¶35 In his fourth proposition, Appellant asserts his Sixth Amendment right to counsel was violated because he did not knowingly and intelligently waive his right to have counsel present during his post-arrest questioning because he had not been informed of the particulars of the charges against him. Specifically, he claims that because he was only informed by the OSBI officers that he was arrested and charged with the murder of Esther Steele, rather than being told that formal charges were filed against him for first-degree murder, first-degree rape and first-degree burglary, his waiver was not intelligent and knowing. Thus, he claims the trial court erred in not suppressing his confession.

¶36 Appellant is correct that his Sixth Amendment Right to counsel arose when the information was filed. Patterson v. Illinois, 487 U.S. 285, 290, 108 S. Ct. 2389, 2394, 101 L. Ed. 2d 261 (1988). But, there is no constitutional requirement that an accused be told the particulars of the crime he has been charged with before a Sixth Amendment waiver can be considered knowing and intelligent. Indeed, the United States Supreme Court has expressly rejected the idea that additional warnings or discussions with an accused are required before a Sixth Amendment waiver can be effectuated for post-indictment questioning. All that is required are Miranda warnings. Patterson v. Illinois, 487 U.S. 285, 295-96 at n. 8, 108 S. Ct. 2389, 2396-97 at n. 8, 101 L. Ed. 2d 261 (1988).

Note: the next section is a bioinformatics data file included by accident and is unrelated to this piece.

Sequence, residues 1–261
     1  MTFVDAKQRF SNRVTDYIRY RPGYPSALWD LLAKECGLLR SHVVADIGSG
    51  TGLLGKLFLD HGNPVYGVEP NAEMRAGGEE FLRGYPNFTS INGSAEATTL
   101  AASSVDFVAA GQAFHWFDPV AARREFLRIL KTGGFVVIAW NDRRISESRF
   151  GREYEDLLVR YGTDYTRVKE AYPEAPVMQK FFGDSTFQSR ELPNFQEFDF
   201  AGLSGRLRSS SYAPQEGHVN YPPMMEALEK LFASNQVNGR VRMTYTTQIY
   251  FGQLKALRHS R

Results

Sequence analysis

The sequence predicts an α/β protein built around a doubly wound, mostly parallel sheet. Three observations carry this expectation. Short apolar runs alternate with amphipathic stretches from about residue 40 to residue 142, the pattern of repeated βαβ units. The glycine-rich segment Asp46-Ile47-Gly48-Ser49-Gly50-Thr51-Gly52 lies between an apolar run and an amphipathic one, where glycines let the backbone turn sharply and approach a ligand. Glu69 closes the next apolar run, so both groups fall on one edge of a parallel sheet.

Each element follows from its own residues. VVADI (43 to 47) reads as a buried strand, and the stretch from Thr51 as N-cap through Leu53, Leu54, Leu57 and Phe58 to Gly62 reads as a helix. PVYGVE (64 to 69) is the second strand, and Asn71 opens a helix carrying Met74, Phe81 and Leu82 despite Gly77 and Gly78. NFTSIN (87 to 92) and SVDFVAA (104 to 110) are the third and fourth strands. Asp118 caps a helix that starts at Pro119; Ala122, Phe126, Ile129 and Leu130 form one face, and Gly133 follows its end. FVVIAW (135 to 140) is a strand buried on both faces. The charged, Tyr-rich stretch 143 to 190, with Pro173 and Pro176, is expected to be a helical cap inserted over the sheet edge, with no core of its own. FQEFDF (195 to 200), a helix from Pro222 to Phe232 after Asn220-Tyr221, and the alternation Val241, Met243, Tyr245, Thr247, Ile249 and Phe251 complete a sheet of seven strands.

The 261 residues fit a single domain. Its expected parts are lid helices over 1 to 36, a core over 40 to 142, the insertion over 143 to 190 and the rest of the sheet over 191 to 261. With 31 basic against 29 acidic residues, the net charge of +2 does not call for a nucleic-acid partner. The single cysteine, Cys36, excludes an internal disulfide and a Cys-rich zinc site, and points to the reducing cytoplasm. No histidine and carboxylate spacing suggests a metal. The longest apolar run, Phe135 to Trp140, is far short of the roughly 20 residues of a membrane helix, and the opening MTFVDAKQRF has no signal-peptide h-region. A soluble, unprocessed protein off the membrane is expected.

¶37 Appellant was given his Miranda rights. Additionally, the police told him he was charged with the murder of Esther Steele, which appraised him of the seriousness of the crime he was being accused of and gave him warning of what he was being questioned about.

¶38 To determine whether a waiver of Sixth Amendment rights during a post-indictment questioning is voluntary, the inquiry is, "whether the accused was made sufficiently aware of his right to have counsel present during the questioning, and of the possible consequences of a decision to forgo the aid of counsel." Patterson v. Illinois, 487 U.S. at 292, 108 S. Ct. at 2395.

¶39 Since appellant was given Miranda warnings, which informed him of his right to have counsel present and the consequences of talking to the OSBI agents, we find his waiver was knowing and intelligent. See Patterson, 487 U.S. at 290, 108 S. Ct. at 2394. This proposition is denied.

¶40 In his fifth proposition, appellant claims he was denied his Oklahoma Constitutional right to a preliminary hearing on all the charges presented in the amended information. Originally, appellant was charged by [846 P.2d 386] information of acting in concert with Philip Adams and committing the crimes first-degree murder by malice aforethought or felony-murder, first-degree rape, and first-degree burglary. Appellant was bound over for trial on these charges. Subsequently, the State amended the information and charged appellant with the crimes acting alone.